The best two suggestions I can give you are LVM snapshots for binary
backups, or using replication so you can back up the slave. Since you
have InnoDB tables, my personal opinion is the safest way to get a good
LVM snapshot is to shut down the server and take the snapshot; you can
then bring it back up while the backup proceeds. However, see Peter
Zaitsev's article on LVM backups for other opinions on this
Either way has downsides, it's true. The downside of using a slave is
you have to do table checksums if you really want to be sure the slave
has the same data as the master. http://mysqltoolkit.sourceforge.net/
Daevid Vincent wrote:
> We've got a production system with three databases. The three databases
> together represent one logical set of data. The databases contain a
> mixture of MyISAM and InnoDB tables.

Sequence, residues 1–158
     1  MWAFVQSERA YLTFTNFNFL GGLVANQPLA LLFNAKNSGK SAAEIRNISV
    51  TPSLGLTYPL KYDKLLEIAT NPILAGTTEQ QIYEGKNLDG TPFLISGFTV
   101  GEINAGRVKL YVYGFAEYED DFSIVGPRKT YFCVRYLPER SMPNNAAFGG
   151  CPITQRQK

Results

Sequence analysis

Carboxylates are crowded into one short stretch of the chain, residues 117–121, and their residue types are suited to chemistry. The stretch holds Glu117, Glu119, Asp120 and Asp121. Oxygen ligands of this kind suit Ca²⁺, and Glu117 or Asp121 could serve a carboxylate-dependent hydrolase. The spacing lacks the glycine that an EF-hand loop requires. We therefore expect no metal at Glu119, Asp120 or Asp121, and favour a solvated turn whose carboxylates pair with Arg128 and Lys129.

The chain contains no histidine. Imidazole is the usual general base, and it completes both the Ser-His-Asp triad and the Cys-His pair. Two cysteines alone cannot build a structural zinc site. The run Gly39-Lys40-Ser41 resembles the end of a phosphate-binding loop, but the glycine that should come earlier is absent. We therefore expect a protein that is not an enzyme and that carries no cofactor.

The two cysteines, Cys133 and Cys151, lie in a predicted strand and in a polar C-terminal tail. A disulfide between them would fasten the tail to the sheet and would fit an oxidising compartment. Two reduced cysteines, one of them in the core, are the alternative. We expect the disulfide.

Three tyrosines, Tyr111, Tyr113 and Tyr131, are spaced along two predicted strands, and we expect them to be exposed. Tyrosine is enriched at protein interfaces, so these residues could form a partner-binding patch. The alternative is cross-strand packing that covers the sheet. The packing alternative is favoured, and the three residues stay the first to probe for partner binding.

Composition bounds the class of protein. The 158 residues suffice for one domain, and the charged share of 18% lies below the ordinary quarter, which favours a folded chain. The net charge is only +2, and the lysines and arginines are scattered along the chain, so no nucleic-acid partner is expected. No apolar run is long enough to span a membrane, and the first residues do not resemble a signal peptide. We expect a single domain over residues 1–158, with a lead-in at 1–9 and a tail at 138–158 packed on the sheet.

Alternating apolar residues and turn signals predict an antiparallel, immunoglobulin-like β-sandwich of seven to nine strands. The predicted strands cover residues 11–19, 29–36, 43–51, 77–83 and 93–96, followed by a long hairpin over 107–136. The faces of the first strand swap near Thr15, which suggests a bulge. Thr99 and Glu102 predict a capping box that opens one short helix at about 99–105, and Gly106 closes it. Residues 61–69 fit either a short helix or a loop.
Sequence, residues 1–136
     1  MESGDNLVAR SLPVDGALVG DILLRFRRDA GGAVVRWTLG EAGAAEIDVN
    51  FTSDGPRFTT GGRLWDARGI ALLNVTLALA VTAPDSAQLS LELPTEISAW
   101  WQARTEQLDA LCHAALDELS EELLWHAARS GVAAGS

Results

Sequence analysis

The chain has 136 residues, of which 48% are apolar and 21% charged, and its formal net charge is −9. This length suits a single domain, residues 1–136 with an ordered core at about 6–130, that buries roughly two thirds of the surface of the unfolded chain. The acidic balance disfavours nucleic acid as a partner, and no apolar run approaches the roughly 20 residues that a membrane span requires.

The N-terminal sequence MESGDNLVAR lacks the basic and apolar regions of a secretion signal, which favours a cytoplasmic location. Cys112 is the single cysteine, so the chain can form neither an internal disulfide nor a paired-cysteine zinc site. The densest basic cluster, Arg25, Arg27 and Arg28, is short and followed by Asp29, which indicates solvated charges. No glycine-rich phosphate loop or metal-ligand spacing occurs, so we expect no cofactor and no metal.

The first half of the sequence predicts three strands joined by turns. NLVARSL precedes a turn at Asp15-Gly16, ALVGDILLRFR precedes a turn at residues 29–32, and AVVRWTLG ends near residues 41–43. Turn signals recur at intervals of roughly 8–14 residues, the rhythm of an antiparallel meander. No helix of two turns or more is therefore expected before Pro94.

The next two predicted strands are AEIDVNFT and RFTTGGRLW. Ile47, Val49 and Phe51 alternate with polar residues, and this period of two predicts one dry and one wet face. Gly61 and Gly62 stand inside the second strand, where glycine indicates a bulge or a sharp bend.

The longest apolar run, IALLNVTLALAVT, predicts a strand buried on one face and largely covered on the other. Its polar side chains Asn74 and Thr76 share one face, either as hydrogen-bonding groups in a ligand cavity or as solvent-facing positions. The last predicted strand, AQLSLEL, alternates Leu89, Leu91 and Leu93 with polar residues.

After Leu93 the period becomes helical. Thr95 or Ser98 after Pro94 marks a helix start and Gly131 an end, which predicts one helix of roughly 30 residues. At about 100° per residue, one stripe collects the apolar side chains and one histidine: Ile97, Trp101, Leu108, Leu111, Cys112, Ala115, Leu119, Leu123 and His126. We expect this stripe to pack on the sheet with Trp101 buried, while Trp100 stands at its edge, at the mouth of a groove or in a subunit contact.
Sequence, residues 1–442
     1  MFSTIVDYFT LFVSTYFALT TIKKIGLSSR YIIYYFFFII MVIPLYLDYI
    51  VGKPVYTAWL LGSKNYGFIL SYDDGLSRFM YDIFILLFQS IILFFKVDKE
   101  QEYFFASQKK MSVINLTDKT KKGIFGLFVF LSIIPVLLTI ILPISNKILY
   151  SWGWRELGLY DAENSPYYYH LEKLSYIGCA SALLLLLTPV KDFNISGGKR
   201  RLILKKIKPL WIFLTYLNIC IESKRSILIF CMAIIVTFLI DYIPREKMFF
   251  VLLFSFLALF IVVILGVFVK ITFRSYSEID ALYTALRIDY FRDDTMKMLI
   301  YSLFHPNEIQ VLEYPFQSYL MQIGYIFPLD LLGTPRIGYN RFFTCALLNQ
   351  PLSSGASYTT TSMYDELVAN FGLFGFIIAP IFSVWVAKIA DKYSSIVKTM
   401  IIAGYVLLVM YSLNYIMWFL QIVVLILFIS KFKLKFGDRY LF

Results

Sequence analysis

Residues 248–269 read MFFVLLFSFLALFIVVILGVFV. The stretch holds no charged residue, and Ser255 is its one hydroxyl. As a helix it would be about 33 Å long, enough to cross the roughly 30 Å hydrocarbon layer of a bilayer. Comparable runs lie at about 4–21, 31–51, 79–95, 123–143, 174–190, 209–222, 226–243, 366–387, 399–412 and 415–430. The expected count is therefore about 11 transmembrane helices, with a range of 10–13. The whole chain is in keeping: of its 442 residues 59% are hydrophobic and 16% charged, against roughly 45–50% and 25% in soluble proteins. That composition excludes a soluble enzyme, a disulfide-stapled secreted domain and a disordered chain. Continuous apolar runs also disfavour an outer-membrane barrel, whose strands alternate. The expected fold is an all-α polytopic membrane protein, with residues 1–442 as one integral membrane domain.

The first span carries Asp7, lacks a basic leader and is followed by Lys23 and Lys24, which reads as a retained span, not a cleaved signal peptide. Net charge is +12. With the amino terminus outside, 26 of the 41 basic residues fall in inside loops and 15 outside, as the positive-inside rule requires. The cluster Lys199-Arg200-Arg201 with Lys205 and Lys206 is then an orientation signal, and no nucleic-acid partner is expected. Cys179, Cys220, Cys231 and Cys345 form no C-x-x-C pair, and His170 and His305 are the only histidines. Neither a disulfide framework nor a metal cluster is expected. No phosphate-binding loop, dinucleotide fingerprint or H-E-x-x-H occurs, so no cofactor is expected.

> What is the best way to backup the entire system (i.e. all three
> databases) to ensure that I get a coherent snapshot of the data? Since
> this is a production system, it's not desirable to block access or
> shutdown the MySQL service while the backup runs. Am I stuck with using
> mysqldump's --lock-all-tables option?
> The issue with that is, we have many services that will be spinning
> waiting to write to the DB as the tables will be locked. On large sets,
> (MB and GB) this can take a while, and the issues then compound. If we
> lock a single table, then we have integrity issues as some tables will
> have data and others will be locked.
> AFAIK, Oracle, SQL Server and any other production quality RDBMS does
> this type of thing on live production servers without shutting down the
> database or the services.